Two years after receiving her Masters, Caryn returned to the University to earn her MFA in Painting and Drawing (in 1991). She was represented by Francine Seders Gallery from 1996 until it closed in 2013. She currently shows at Smith & Vallee Gallery in Edison, WA. Her work is included in a number of public collections, including The New York Public Library, Swedish Hospital, Washington State University, and Fred Hutchinson Cancer Research Center.
Caryn’s art is informed by the natural world (particularly her ongoing fascination with water), her extensive garden, and the materials themselves. She lives in Bellingham Washington, with her husband, two cats, and approximately fourteen chickens.
Caryn Friedlander was born in New York City in 1955. She lived on the east coast until, on a whim, she travelled to the Pacific Northwest in her early twenties. She lived in Seattle, the Aleutian Islands, and in Japan as a Monbusho Fellow while working on her Master’s thesis, before settling in Bellingham, Washington, where she lives with her husband, two cats, a (big) dog, and a dozen chickens. She travels extensively, particularly in Asia and Europe.
Friedlander has an MA in Japanese art history (University of Washington, 1987), and an MFA in painting and drawing (University of Washington, 1991). She exhibited at Francine Seders Gallery from 1996 until the gallery closed in 2014, when gallery owner Seders retired. She is still represented by Seders, and shows regularly at Smith & Vallee Gallery in Edison, Washington. Along with her studio work, Friedlander taught drawing and painting at Whatcom Community College from 1992 – 2015 (Bellingham, WA), when she retired from teaching to focus solely on her studio work.
Lately, instead of a box of pastels, a box of embroidery floss sits open on my work table. In place of gessoed linen, my ground is silk that has been dyed with the tannin-rich leaves of plants. Stitching into colorfully dyed cloth is satisfying, contemplative, and temporal. My process is considerably slower these days – instead of the few seconds it takes to paint or draw a line, a single stitched line might take several minutes. I no longer dive headlong into the unknown, but instead move quietly through it. I have opened up a treasure chest, finding endless possibilities within.
Unlike many artists who work with textiles, it was not fond memories from childhood that led me to work with cloth. There is no recollection of a childhood spent listening to the comforting sound of a matriarch’s sewing machine. I only came recently to textiles and stitching, after multiple decades of painting and drawing.
The move to cloth and thread was born out of an obsession with knitting and spinning (also taken up in the recent past), and a question of “what if..” about the parallel interest that fiber holds for me, in color and texture and the tactile manipulation of materials it offers. My growing stash of yarn was beginning to look a little like my sizable stash of pastels and paint tubes.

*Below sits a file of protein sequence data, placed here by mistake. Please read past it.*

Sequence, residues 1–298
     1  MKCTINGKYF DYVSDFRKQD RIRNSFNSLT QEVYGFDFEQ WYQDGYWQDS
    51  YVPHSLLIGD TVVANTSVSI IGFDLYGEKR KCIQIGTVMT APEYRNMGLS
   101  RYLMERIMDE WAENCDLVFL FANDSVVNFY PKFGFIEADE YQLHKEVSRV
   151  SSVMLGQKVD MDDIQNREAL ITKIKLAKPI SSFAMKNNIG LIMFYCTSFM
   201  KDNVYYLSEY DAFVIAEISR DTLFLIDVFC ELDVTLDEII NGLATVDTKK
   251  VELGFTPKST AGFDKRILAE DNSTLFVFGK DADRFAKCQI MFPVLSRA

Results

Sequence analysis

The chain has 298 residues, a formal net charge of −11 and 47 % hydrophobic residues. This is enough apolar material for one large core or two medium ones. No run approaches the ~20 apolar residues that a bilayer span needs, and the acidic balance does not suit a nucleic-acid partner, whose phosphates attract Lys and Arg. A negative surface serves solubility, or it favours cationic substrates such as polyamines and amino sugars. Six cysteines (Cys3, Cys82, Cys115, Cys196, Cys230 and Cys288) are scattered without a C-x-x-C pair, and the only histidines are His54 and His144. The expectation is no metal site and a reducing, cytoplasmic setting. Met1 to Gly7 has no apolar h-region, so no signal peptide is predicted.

So I took a workshop in stitching. I didn’t even think such a thing existed, but it does, and during that class I discovered that a stitched line could evoke expression and memory and beauty, and that everyone’s stitched line could look quite different. Stitching into cloth is an absorbing experience with an unknown outcome, much using paint and charcoal. In that class I also learned about eco-printing (using plants to make contact prints on paper and cloth). Because I like a visual substrate of marks to work into, dyeing the cloth prior to stitching into it appeals to me.
Serendipitously, the current work encompasses many of my preoccupations; I am a gardener, and I quickly discovered that new art materials lay a few feet from my studio door. Plant nurseries are my art supply store and my garden is expanding, in accordance with plants that have potential in the dye pot. I love the woods, and now hikes with my dog are hunting adventures. I return home with my pockets lined with windfall leaves and bits of bark to use in the studio. My world has come full circle in new and meaningful ways.
Eco-printing is a process of using the natural tannins and dyes from plants to create contact prints on paper or textiles; when you see the imprints on a sidewalk left by fallen leaves, what you are seeing are the natural tannins in the leaves staining the concrete.
To dye fabric, I arrange plant matter (leaves, seeds, flower petals, etc.,) on fabric. The material and plants are rolled tightly together around a dowel (a sturdy branch pruned from my fig tree serves this purpose), and the resulting bundle is tied firmly so there is direct contact between leaves and material. The rolls are immersed in boiling water. Unraveling bundles is an activity full of anticipation, akin to opening a long-awaited letter. The results can be unpredictable and often astonishing.
One day I unraveled a long, narrow piece of silk I had just taken from the dye bath. I laughed, because the resulting image of maple and smoke bush leaves resembled a Japanese painting, reminding me of the deep ties to, and love I have for, Asian art. At that moment, the question of presentation was solved – I had to “mount” them like a kakejiku, or hanging scroll. This has become an integral part of the image, and I am currently working on ideas for hand scrolls and sewn accordion books as well to expand the series.